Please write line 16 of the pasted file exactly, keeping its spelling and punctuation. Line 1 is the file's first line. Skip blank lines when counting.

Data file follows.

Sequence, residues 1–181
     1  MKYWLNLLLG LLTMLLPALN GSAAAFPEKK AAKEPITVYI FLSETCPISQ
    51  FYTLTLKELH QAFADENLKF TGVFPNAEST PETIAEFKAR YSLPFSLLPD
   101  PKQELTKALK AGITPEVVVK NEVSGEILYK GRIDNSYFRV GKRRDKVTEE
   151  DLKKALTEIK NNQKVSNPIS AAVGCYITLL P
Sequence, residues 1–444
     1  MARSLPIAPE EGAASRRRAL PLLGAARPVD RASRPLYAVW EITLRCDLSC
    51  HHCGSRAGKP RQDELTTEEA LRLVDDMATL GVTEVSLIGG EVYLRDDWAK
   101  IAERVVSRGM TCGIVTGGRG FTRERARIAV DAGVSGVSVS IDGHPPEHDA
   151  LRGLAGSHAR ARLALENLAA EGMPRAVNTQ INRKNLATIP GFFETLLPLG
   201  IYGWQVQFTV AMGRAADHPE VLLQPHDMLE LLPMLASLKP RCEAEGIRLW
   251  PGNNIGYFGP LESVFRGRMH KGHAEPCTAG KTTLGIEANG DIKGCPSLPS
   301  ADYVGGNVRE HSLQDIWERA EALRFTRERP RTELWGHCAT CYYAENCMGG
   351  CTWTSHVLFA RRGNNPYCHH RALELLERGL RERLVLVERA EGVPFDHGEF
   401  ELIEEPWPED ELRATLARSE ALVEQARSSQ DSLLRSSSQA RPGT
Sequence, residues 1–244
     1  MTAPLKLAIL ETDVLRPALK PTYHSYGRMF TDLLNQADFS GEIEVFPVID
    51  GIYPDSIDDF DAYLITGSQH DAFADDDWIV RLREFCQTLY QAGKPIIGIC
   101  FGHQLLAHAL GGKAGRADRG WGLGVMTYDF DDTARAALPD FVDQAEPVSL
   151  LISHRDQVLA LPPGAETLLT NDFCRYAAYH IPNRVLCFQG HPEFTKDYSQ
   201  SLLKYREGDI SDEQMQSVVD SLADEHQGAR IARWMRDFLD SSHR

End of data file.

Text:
Sequence, residues 1–244